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Take your time...

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#1 tedbnh


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Posted 07 July 2014 - 12:51 PM

Lots of folks at my scope try to rush themselves, afraid they will annoy those waiting.

I say quite loudly to anyone who appears ready to rush away like this, "Take your time - the folks behind you will take too long too!" (Making sure the folks in line hear me...)

It gets a laugh every time and gets folks to relax and enjoy the view a bit longer.

(I did not think this up and have no idea where I heard it many years ago, so thanks to whoever did so.)

#2 Skylook123



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Posted 07 July 2014 - 04:42 PM

Very wise, Ted. Folks new to the use of a telescope don't realize that there is a subtle training of the mind required to take the image out of context and integrate it. Most children don't develop discrimination ability for an eyepiece view until around age 5, some not until age 7. And some don't get it until adult, and some not at all. And in a solar scope, the brain is accustomed to a dynamic range of color; in H-Alpha, it does take some practice to discriminate among the red dominated view. Same with the bright moon. You sometimes need to break the viewer's concentration and allow them to return to the view to "see"; I call it the Look, See, Learn process. It is amazing at times to trick the viewer into looking back at you to answer a question, then put their eye back in place. The brain has had a chance to assimilate, then the second look it comes alive.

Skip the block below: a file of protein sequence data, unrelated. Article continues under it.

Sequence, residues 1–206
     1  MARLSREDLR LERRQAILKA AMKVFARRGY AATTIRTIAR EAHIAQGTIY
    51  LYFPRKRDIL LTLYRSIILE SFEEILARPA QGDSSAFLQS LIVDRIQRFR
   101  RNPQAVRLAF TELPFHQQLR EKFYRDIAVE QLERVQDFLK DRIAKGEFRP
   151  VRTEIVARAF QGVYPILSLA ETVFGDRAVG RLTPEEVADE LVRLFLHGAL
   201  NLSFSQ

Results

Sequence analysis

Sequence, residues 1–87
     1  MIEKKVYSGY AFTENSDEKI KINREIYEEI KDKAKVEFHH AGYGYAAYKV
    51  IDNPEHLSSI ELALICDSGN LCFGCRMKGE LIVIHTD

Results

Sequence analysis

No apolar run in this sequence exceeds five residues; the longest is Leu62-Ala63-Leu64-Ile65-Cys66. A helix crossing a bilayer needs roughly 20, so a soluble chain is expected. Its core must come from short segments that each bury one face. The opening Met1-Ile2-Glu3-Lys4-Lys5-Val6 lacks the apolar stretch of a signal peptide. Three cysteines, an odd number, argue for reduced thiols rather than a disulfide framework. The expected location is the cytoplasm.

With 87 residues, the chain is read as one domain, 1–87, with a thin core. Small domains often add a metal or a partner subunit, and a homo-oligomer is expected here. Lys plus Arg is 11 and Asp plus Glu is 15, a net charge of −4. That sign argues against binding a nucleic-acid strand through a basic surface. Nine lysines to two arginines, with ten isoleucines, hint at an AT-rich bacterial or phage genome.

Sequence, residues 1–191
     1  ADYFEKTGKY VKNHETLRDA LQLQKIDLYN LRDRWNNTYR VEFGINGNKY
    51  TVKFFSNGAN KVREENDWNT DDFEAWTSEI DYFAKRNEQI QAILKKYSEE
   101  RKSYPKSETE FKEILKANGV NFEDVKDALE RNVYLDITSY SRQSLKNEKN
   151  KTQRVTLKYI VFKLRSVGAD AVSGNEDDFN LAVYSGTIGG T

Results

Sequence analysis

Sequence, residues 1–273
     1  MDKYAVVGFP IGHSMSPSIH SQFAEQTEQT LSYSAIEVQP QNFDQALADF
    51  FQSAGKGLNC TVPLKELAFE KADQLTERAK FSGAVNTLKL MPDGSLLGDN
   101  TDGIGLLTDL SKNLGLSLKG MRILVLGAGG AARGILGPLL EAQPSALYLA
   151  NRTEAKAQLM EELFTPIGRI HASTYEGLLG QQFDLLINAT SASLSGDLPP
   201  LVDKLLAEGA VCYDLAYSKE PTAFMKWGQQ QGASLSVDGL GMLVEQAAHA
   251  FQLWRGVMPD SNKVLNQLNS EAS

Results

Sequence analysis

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#3 Mr Onions

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Posted 08 July 2014 - 01:02 PM

Great line, Ted.

#4 rsimpkins


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Posted 08 July 2014 - 03:35 PM

One technique I've used to encourage longer viewing is to start a conversation about the object. Asking a specific question about the object often gets them to look again. It also gives me an opportunity to share some facts about the object which deepens their appreciation and overall experience. The more people know the longer they look.

Another thing to try is to point and look at the eyepiece when asking them questions. A little body language can go a long way. My goal is to get them to talk about what they are seeing while they are looking through the eyepiece. This encourages them to take a close look and think about what they are seeing. Using a friendly tone of voice and plenty of encouragement gets them beyond the first "wow." Often you get a second or third "wow."

I have also found that some people simply aren't interested in a longer view. People say they saw things I know there is simply no way they saw. My feeling is that there are several good reasons why someone would want to move along. Therefore, I never push people. Think "gentle encouragement" rather than "high-pressure salesman."

#5 tedbnh


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Posted 16 July 2014 - 03:05 PM

John Dobson himself told me to ask some questions about what they are seeing of everyone who visits your scope. I keep it simple - for kids who see the Moon around first quarter, I ask them to count the craters for me. :-) It gets them to notice that some craters have craters in them, etc. When looking at Saturn, I ask them if they see Titan. Anything to get the brain re-started, since the beauty of the views many times brings things upstairs to a shuddering halt. Not a bad thing, but also good to think about what you are seeing.

#6 StarStuff1



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Posted 17 July 2014 - 04:04 PM

That s a good technique I often use, especially with youngsters. Don't know how many times I have seen a young one grab the eyepiece and his/her eye is looking all over the place. When I get them to focus on the "cone of light" and ask what they see...well that tells the tale. What Jim was right about certain ages and vision. I was told the same thing by a DR a long time ago at an outreach session.

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